References of "Asplund, M"
     in
Bookmark and Share    
Full Text
Peer Reviewed
See detailThe PLATO 2.0 Mission
Rauer, H.; Catala, C.; Aerts, C. et al

in Experimental Astronomy (2014)

PLATO 2.0 has recently been selected for ESA’s M3 launch opportunity (2022/24). Providing accurate key planet parameters (radius, mass, density and age) in statistical numbers, it addresses fundamental ... [more ▼]

PLATO 2.0 has recently been selected for ESA’s M3 launch opportunity (2022/24). Providing accurate key planet parameters (radius, mass, density and age) in statistical numbers, it addresses fundamental questions such as: How do planetary systems form and evolve? Are there other systems with planets like ours, including potentially habitable planets? The PLATO 2.0 instrument consists of 34 small aperture telescopes (32 with 25 s readout cadence and 2 with 2.5 s candence) providing a wide field-of-view (2232 deg 2) and a large photometric magnitude range (4–16 mag). It focusses on bright (4–11 mag) stars in wide fields to detect and characterize planets down to Earth-size by photometric transits, whose masses can then be determined by ground-based radial-velocity follow-up measurements. Asteroseismology will be performed for these bright stars to obtain highly accurate stellar parameters, including masses and ages. The combination of bright targets and asteroseismology results in high accuracy for the bulk planet parameters: 2 %, 4–10 % and 10 % for planet radii, masses and ages, respectively. The planned baseline observing strategy includes two long pointings (2–3 years) to detect and bulk characterize planets reaching into the habitable zone (HZ) of solar-like stars and an additional step-and-stare phase to cover in total about 50 % of the sky. PLATO 2.0 will observe up to 1,000,000 stars and detect and characterize hundreds of small planets, and thousands of planets in the Neptune to gas giant regime out to the HZ. It will therefore provide the first large-scale catalogue of bulk characterized planets with accurate radii, masses, mean densities and ages. This catalogue will include terrestrial planets at intermediate orbital distances, where surface temperatures are moderate. Coverage of this parameter range with statistical numbers of bulk characterized planets is unique to PLATO 2.0. The PLATO 2.0 catalogue allows us to e.g.: - complete our knowledge of planet diversity for low-mass objects, - correlate the planet mean density-orbital distance distribution with predictions from planet formation theories,- constrain the influence of planet migration and scattering on the architecture of multiple systems, and - specify how planet and system parameters change with host star characteristics, such as type, metallicity and age. The catalogue will allow us to study planets and planetary systems at different evolutionary phases. It will further provide a census for small, low-mass planets. This will serve to identify objects which retained their primordial hydrogen atmosphere and in general the typical characteristics of planets in such low-mass, low-density range. Planets detected by PLATO 2.0 will orbit bright stars and many of them will be targets for future atmosphere spectroscopy exploring their atmosphere. Furthermore, the mission has the potential to detect exomoons, planetary rings, binary and Trojan planets. The planetary science possible with PLATO 2.0 is complemented by its impact on stellar and galactic science via asteroseismology as well as light curves of all kinds of variable stars, together with observations of stellar clusters of different ages. This will allow us to improve stellar models and study stellar activity. A large number of well-known ages from red giant stars will probe the structure and evolution of our Galaxy. Asteroseismic ages of bright stars for different phases of stellar evolution allow calibrating stellar age-rotation relationships. Together with the results of ESA’s Gaia mission, the results of PLATO 2.0 will provide a huge legacy to planetary, stellar and galactic science. [less ▲]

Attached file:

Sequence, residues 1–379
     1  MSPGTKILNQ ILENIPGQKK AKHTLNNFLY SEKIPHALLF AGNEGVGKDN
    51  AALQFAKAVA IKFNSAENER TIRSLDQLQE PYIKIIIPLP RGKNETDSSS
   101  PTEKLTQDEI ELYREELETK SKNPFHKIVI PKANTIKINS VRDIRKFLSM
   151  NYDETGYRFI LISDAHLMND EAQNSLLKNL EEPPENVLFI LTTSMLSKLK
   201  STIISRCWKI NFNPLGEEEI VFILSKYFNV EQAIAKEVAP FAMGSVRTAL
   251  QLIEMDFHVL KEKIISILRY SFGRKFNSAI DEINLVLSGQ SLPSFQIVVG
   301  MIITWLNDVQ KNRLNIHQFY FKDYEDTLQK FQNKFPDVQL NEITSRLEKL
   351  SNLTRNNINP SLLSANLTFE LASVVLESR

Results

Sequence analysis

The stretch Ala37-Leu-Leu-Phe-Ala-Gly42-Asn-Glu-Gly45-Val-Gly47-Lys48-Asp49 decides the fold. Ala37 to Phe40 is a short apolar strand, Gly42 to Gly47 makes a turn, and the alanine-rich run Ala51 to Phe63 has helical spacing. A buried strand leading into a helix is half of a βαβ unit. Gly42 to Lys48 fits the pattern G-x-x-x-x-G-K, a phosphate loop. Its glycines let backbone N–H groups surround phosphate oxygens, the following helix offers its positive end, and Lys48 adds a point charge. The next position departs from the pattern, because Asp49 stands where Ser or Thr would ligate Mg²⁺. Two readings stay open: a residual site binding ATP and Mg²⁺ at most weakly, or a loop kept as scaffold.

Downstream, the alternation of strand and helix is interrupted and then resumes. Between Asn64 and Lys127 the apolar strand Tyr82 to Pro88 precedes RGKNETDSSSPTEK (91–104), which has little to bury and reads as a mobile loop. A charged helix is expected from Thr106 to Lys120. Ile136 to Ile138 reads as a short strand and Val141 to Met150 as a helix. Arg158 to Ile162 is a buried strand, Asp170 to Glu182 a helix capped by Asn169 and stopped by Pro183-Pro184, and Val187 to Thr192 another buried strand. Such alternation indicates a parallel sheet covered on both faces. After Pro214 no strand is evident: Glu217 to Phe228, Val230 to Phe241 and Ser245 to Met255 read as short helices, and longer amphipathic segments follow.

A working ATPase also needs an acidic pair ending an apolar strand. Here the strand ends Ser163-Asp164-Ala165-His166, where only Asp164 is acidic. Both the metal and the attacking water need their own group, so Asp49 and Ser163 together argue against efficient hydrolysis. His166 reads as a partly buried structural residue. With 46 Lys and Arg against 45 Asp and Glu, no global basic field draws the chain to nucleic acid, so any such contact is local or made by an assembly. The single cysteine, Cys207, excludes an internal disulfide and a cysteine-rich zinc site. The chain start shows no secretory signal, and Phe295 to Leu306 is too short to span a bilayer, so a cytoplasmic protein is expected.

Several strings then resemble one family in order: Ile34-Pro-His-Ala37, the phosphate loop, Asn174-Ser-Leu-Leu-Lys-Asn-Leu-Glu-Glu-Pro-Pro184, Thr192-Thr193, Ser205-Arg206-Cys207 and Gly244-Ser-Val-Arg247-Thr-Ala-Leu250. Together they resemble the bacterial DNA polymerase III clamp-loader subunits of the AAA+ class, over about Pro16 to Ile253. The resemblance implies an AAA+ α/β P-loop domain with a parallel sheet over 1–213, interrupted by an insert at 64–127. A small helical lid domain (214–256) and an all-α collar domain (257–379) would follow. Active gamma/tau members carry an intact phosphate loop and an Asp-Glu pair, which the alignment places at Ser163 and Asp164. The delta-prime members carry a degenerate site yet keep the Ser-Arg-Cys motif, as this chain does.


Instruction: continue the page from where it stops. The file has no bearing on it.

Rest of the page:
Detailed reference viewed: 7 (3 ULg)
Full Text
Peer Reviewed
See detailThe radius and mass of the close solar twin 18 Scorpii derived from asteroseismology and interferometry
Bazot, Michaël; Ireland, M. J.; Huber, D. et al

in Astronomy and Astrophysics (2011), 526

The growing interest in solar twins is motivated by the possibility of comparing them directly to the Sun. To carry on this kind of analysis, we need to know their physical characteristics with precision ... [more ▼]